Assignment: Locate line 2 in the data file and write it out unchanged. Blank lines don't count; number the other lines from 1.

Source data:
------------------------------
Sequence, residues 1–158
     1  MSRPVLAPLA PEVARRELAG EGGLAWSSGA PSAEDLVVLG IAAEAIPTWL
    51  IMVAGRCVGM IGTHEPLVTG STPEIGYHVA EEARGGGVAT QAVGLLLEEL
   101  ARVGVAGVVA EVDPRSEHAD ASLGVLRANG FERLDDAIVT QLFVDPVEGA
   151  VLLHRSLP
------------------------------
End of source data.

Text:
     1  MSRPVLAPLA PEVARRELAG EGGLAWSSGA PSAEDLVVLG IAAEAIPTWL